A pro-democracy protester at Beijing’s Tiananmen Square on June 3, 1989, the day before the deadly government crackdown

A pro-democracy protester at Beijing’s Tiananmen Square on June 3, 1989, the day before the deadly government crackdown

Chinese journalist Liu Binyan joined the Nieman Class of 1989 at age 62, after he became a target of the Chinese government’s campaign against “bourgeois liberalism.” Binyan was a writer for the People’s Daily at the time, and his work often dealt with rampant corruption throughout the country. When the military opened fire on protesters in Beijing’s Tiananmen Square at the end of his Nieman year, Binyan openly condemned the massacre. China blacklisted him, and he was not allowed to return to his home country. He lived in exile in the United States until his death in December 2005. According to his wife, Zhu Hong, he asked that his epitaph read: “Here lies a Chinese person who did some things that it was right for him to do, and said some things that were right that a person say.”

In the Spring 1992 issue of Nieman Reports, Binyan wrote about the culture of China’s newsrooms after Mao’s 1949 revolution. In particular, he notes the events at Tiananmen Square rolled back reforms achieved in the previous decade:

In the spring of 1989, after 10 years of persistent struggle, press freedom in China reached its peak. Many subjects that had been prohibited were allowed to appear in print. Many journalists openly confronted the government’s decision to build the dam at Three Gorges on the Yangtze River, a project which was approved by the highest authorities even though it was damaging to the environment and disruptive to the lives of over a million people. In the democracy movement of the same year, the Chinese newspapers, for a short time in May, 1989, were able to report the true facts about an anti-government movement, which was unprecedented since the founding of the People’s Republic in 1949. The journalists also were the first among Beijing intellectuals to join the ranks of students in huge demonstrations on the streets.

After the crackdown on the democracy movement on June 4, 1989, a “dark age” once more descended over the mass media in Beijing. Newspapers and broadcasting stations are not allowed any independence. Every article, every broadcast must follow the party line. Many journalists were arrested and sentenced to jail. Many were fired from their jobs and cannot continue to practice journalism any more. Those who still retain their jobs cannot write and edit according to their own judgment, but there are still a few who manage to convey true information to the readers in a subtle, roundabout way, which is difficult and risky.

Nevertheless, it should be stressed that, starting from the early 80’s, a new generation of journalists emerged. They had grown up during the Cultural Revolution when, because of factional struggles, the party’s control over ideology was considerably weakened. After the Cultural Revolution, they enrolled in colleges when the country was opening up and economic reform was underway. Many of them are college graduates, exposed to Western influence; the party ideology has much less impact on them than on their elders. Therefore they are more courageous in challenging the party’s control. An example of this increasing boldness occurred in 1986, when some young journalists at a newspaper in a Special Economic Zone, The Shenzhen Youth News, managed to shake off party control and made the newspaper independent. In the party’s chief organ, People’s Daily, young reporters and editors made up almost half of the entire editorial staff. They were the main force in pushing for press freedom and liberation of People ‘s Daily. Naturally, they were the most persecuted after the 1989 crackdown.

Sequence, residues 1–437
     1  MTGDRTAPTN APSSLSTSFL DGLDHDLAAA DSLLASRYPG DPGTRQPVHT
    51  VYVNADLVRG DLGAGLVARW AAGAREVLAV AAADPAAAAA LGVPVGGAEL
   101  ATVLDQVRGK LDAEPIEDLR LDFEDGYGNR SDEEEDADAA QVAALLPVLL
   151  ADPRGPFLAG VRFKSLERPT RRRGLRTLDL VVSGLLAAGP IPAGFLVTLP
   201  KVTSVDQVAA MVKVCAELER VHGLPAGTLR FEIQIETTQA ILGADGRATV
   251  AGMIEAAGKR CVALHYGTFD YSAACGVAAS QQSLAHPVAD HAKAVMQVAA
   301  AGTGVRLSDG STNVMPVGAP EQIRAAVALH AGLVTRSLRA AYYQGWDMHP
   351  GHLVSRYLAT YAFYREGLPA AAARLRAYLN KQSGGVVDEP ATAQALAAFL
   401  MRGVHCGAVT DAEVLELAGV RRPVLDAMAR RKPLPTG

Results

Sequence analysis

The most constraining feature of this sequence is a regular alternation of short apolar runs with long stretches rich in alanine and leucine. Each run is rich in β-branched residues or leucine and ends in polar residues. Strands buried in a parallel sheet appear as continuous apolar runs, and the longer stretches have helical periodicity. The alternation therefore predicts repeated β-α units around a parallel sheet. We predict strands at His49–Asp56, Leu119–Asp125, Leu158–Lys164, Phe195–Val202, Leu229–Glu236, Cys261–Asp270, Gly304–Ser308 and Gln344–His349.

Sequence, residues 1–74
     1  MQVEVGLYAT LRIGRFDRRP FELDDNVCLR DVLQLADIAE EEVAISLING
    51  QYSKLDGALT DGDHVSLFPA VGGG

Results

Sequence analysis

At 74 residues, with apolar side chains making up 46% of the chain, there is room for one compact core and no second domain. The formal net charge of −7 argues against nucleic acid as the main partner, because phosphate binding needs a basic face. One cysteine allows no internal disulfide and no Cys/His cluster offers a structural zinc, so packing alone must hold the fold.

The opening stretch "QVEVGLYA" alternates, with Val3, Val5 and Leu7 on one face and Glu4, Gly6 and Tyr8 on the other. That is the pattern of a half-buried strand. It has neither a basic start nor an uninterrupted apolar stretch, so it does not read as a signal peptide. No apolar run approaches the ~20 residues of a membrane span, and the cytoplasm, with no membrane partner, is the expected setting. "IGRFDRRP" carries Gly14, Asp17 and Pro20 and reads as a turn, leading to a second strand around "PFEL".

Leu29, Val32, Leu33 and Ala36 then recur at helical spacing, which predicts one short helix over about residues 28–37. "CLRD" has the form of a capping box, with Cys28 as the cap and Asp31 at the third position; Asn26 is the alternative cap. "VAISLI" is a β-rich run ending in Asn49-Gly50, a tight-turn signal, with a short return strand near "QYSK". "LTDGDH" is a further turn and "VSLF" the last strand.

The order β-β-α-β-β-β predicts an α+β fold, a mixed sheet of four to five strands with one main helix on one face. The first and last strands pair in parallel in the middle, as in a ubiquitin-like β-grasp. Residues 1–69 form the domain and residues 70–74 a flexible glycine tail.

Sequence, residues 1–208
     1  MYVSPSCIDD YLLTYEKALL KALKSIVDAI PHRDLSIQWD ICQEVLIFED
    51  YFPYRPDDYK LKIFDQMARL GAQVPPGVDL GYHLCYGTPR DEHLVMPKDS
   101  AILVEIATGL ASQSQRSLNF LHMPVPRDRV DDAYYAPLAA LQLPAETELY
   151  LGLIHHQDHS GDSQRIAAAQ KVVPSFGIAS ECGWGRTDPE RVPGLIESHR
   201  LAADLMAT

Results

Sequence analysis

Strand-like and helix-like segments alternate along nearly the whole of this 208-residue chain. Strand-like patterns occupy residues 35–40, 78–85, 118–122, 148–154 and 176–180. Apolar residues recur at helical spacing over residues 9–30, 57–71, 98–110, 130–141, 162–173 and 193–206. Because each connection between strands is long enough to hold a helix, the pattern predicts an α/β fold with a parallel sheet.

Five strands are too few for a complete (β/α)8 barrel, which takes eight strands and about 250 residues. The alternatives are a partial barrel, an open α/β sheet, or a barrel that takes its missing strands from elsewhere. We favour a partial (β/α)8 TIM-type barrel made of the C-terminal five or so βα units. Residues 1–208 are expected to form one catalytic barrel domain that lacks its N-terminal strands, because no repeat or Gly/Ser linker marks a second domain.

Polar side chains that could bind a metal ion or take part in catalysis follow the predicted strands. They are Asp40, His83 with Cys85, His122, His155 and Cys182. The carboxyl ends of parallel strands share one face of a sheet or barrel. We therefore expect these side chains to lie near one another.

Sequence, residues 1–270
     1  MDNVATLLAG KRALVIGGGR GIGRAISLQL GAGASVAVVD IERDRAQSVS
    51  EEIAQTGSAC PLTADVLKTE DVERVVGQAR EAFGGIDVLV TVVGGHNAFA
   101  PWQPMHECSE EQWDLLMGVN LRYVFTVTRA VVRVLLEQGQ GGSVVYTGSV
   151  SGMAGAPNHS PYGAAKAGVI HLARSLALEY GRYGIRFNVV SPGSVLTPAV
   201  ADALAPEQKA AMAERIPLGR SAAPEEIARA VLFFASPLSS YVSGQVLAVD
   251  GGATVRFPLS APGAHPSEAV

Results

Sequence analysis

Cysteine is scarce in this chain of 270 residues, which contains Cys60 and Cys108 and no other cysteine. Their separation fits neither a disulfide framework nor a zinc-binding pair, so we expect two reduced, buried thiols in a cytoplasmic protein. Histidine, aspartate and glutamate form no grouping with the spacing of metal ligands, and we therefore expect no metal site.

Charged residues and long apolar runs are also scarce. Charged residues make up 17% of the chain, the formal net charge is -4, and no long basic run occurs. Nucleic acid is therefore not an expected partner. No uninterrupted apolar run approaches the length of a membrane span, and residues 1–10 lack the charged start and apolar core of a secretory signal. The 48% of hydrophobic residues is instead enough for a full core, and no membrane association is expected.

Because of intensified political pressure after June 4, the readers have become more apolitical. The journalists have become more and more despondent and frustrated. They feel that they cannot truly practice their profession and have turned their attention to their own personal well being and material interests. Some reporters receive payments from various industries for covering their “achievements”, a subtle, yet much more efficient, way of advertising. Political pressure and material temptation act together as closes of soul erosion for the journalists. They care less and less about the future of their paper and the future of journalism in China. This is exactly the effect that the Chinese Communist Party hopes for.

Read Liu Binyan’s full article, “In Beijing’s Newsrooms

More from Nieman Reports:

In the Spring 2005 issue, Nieman Fellows Juntao Wang and Xiaoping Chen wrote an appreciation of Liu Binyan, whom they called “China’s Conscience”

In the Winter 2014 issue, Nieman Fellow Yang Xiao wrote about the linguistic tricks employed by Chinese journalists to get around press restrictions on writing about Tiananmen

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